Researchers have developed a new approach to estimate the true size of very large earthquakes.
At present, scientists use seismic waves from a rupture to work out the scale of the event.
But a new analysis of the Tohoku earthquake in Japan in 2011 shows that changes in gravity can give more rapid information.
This method could have accurately estimated that magnitude 9 tremor in minutes, not the hours actually taken.
As Japan's largest recorded earthquake, the Tohoku event is probably best remembered for the huge tsunami it unleashed.
As well as killing around 12,000 people it triggered the meltdown of three nuclear reactors at the Fukushima Daiichi power plant.
Experts believe that the quake was caused by the rupture of a stretch of the subduction zone associated with the Japan Trench, which separates the Eurasian Plate from the downward-sliding Pacific Plate.
Initial estimates of magnitude by Japan's meteorological agency indicated it was a 7.9 tremor. Three hours later, this was corrected to 8.8. Eventually the Tohoku quake was upgraded to 9.1 magnitude.
These estimates are based on seismic waves generated by the earthquake which travel through the Earth and are recorded on seismometers all over the world.
Scientists look for what are termed P-waves as the fastest way to deduce what is happening in an event. These travel at around 7-8km per second.
However, French researchers have been looking at the possibility of using small shifts in gravity to estimate scale.
Large tremors can cause perturbations in the Earth's gravitational field – and as these signals travel at the speed of light, they open up the possibility of much more rapid detection of quake magnitude.
Up to now, gravitational signals have been difficult to detect above the seismic noise, but the French research team developed their model to analyse the Tohoku event using data recorded with broadband seismometers located some 1,000 to 2,000km from the quake.
"As soon as you have the location and origin time of the earthquake, you know when the seismic waves will arrive at good quality stations inland," said lead author Dr Martin Vallée, from the Paris Institute of Earth Physics.
"And if you look to see a gravity signal before the arrival time of the seismic waves, if you can see this, it really means you have a large event. If you cannot see it you will be in a magnitude 8.5 or below."
According to the authors, this method of analysis would have reliably detected that the Tohoku quake was greater than magnitude 9 within three minutes of the origin time.
This could have had major implications especially for the tsunami that followed it.
"Knowing that a quake is very large a few minutes after is not very useful for the areas that are directly affected because the seismic waves will already have affected the area," said Dr Vallée.
"But it is for the tsunamis which often arrive half an hour after an earthquake, they are much slower than the seismic waves, and here you have some time to react. It is very useful."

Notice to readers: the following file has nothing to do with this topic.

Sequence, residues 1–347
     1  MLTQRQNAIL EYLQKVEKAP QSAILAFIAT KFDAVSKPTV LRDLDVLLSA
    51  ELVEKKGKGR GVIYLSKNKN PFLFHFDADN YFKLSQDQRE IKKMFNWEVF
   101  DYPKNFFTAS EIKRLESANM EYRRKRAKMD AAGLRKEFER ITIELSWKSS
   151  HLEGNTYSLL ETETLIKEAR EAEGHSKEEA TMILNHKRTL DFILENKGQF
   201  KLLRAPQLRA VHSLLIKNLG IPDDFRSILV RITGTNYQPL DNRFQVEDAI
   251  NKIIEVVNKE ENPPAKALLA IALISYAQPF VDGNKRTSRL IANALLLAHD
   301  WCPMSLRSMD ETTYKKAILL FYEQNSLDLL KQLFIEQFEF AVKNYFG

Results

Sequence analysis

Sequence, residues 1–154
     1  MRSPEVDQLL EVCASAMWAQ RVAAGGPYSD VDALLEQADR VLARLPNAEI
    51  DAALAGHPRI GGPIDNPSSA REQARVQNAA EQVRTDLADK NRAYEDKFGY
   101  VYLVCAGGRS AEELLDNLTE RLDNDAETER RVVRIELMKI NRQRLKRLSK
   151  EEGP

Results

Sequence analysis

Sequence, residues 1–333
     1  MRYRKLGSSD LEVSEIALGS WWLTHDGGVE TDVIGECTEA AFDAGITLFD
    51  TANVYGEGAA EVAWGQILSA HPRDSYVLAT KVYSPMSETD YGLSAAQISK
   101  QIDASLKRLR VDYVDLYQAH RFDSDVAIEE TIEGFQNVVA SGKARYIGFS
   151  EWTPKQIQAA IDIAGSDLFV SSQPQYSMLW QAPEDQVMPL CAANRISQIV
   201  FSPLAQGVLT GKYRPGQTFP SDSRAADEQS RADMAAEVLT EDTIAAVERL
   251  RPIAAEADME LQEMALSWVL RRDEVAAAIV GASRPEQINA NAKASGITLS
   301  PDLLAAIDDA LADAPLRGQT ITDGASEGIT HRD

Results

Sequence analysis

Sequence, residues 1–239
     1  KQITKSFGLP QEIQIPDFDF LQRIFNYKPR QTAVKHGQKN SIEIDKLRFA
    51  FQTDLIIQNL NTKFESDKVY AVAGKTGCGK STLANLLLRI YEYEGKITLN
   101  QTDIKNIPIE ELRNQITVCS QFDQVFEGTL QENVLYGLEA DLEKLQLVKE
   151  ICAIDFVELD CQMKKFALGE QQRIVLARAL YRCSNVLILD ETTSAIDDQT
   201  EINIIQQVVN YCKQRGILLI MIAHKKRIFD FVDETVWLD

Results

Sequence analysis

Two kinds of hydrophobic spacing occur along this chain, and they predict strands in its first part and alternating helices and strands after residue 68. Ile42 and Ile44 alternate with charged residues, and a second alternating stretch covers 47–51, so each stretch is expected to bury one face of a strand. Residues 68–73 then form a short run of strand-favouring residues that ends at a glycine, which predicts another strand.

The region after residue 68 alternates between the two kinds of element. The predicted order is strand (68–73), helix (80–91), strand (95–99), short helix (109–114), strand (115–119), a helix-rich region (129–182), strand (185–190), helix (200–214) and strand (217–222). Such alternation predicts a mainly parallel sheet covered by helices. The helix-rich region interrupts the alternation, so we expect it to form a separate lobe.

At present, the research team say that the ideal places to test the method are in locations that have had an earthquake greater than magnitude 9 in recent centuries, such as the Cascadia region of the US and Canada.
Looking ahead, the scientists believe that with refinement, their method of analysing gravity signals could allow more rapid detection of the size of smaller events.
"It will be really important if in the future we have instruments that can measure the signal and are more sensitive," said Dr Vallée.
"We will be able to apply the same analysis to smaller earthquakes, and when I say smaller I mean magnitude 7 or 8 which in fact are very large and can destroy a lot."
The study has been published in the journal, Science.
Using gravity signals for early warning?
by Jonathan Amos, BBC Science Correspondent
It's not possible to predict earthquakes but it is possible to issue alerts once a major event is under way.
And for those not living directly above the point of rupture, but some distance away, such warnings can give people vital seconds to prepare.
These systems – they have them in places like Japan and Mexico – work on the basis of detecting the different arrival times of seismic waves.
So-called P-waves are less destructive vibrations that run ahead of the far stronger and more damaging S-waves. But neither move as swiftly as the changes that become apparent in the gravity field once a quake has moved a great mass of rock inside the Earth.
If you could practically harness this signal in an early warning system then it could provide just a few seconds more grace for the surgeon to lift their scalpel away from a patient's organ or for the driver of a packed commuter train to slow down.
However the gravity signal is very subtle and it will be challenging to make use of it in all but the very largest events. On average there is only about one "great quake" of magnitude 8 or higher a year. But there is hope the technologies can be improved.
This new research came out of discussions surrounding the detection of gravitational waves from black hole mergers in space.
That technique had its doubters for a long while but eventually proved its worth. Even if a gravity signal cannot be woven into an early warning system, just knowing the true scale of a quake much faster will be important information for first responders.